When Stillness Is My Suffering


I lived the majority of my short, albeit exciting years as a believer in the fast-paced mode of life. I went abroad for missions for years, actively served in ministry, preached and taught many, and thought ‘This is it!’ This stirring momentum was exactly what I imagined it would be like to live for Christ. Recently though, God has called me into a slower season of engaging with Him in the stillness. My initial reaction included a whole lot of anxiety that I wasn’t living in His calling over my life. If I wasn’t doing enough for His kingdom, then it would be wasted. I wouldn’t be called faithful. Instead, I discovered that in the slowing down, God was refining me, preparing me to receive His promises.

In Exodus 14, the Israelites experienced magnificent miracles while being set free from the chains of slavery in Egypt. However, after crossing the split Red Sea, they walked for three days without any water in the hope of reaching the Promised Land. Instead they found the “bitter waters” of Marah (Exodus 16). Where was the God that spectacularly led them out of Egypt and promised them the land of milk and honey? Like the Israelites, we exult in the fast-paced exhilaration of ministry. We anticipate God paving ways through seas of options toward our calling, our own Promised Land. Our hearts drop when things slow down and things are not working out the way they should be. None of the seeds of dreams for our calling that were planted seem to be in fruition. We are called to be faithful in the mundane rather than the insane. And we try to pray ourselves out of it.  Or we grow restless. Yet, we are unaware that this is the blessed season God has called us to be in.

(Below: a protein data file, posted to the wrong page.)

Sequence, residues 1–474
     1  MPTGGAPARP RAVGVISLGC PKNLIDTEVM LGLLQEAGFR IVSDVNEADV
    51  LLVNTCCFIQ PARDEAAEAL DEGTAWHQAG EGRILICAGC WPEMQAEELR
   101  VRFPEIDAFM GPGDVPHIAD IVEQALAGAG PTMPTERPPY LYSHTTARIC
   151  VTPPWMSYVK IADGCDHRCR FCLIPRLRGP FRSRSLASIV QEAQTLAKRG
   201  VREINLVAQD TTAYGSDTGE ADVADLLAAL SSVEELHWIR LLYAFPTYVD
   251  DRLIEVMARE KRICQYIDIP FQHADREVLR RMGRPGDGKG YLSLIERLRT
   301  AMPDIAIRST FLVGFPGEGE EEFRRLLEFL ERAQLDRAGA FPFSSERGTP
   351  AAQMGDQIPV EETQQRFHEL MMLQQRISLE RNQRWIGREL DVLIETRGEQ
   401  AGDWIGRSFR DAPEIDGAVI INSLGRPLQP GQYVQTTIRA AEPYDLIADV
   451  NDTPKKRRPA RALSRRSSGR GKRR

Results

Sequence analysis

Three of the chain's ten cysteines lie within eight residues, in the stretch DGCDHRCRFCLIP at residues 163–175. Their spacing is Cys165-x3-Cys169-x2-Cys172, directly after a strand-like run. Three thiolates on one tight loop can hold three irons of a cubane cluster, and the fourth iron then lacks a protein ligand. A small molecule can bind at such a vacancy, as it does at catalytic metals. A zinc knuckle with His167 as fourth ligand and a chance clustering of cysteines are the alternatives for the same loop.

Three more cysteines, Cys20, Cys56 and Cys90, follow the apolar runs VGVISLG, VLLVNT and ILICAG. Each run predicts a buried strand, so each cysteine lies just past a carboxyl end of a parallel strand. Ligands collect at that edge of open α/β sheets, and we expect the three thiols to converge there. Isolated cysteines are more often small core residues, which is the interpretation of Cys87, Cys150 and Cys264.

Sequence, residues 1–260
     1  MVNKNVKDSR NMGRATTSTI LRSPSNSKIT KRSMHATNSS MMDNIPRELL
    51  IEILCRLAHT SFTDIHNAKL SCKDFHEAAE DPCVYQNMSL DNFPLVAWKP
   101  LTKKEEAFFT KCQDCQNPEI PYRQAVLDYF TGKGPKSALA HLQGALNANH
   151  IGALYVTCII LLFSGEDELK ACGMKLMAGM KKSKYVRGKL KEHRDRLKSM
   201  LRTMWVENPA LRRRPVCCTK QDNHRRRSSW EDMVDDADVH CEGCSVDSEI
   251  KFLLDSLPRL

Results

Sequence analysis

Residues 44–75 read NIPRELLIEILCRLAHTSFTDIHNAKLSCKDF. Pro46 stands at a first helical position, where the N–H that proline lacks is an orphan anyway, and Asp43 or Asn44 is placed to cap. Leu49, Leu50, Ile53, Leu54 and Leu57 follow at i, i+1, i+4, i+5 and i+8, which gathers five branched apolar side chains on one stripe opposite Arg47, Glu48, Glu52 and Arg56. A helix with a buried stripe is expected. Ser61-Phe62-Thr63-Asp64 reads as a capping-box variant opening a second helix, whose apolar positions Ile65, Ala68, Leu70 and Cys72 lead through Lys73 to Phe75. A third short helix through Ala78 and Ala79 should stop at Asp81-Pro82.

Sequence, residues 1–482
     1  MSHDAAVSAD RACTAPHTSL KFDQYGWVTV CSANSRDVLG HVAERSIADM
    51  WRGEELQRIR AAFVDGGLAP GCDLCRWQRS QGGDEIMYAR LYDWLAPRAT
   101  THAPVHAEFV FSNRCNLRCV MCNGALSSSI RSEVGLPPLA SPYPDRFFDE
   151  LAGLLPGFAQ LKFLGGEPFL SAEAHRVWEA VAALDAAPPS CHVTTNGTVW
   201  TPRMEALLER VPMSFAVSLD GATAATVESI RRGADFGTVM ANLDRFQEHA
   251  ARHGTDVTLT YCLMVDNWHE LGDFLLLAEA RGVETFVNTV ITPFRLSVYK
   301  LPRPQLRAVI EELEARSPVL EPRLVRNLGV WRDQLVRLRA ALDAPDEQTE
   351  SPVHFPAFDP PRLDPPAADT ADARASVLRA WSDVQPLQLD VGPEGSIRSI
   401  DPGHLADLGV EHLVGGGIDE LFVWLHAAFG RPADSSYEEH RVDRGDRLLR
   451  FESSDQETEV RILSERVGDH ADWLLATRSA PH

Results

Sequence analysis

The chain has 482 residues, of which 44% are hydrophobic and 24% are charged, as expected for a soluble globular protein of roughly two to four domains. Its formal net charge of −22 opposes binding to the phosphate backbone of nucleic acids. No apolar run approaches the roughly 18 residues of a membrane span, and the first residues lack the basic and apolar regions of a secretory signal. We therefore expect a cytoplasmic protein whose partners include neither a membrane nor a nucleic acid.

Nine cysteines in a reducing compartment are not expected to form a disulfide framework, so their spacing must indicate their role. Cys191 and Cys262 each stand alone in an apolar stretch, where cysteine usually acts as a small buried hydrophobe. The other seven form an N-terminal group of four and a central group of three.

Stillness is the season when dreams seem to be in intermission and promises are in transit. In this critical time we learn to wait upon the Lord, letting the Spirit search us as we dig deeper into ourselves. When Luke 9:23 says that the believer must “deny himself” to follow Christ, the mature believer understands that one cannot deny what they do not know. Stillness is the time of letting the Spirit search and prune us in quietness, without the distractions of ministry successes. God filters out His promises from our personal desires. There are faster-paced seasons when God calls us out of Egypt, as He set the Israelites free through powerful signs. There are also slower seasons for every believer to enter the wilderness--these are the seasons of stillness we must suffer through. In the wilderness, God was breaking free the chains of emotional and spiritual habits of slavery they had carried out with them, before they could enter into the land He had promised them. When we live speedy lifestyles and in the rush of experiencing great results, we desire to execute our calling because we find worth in what we accomplish. When we slow down, God beckons us to learn the bittersweet truth that we must go through a pruning process that strips us into a deeper need of Him. Instead of learning to be harder, better, faster, stronger, the wilderness is where we discover to be softer, humbler, slower, weaker. Our calling is executed at the core of who He is and finding ourselves hidden in Him so that He alone is glorified.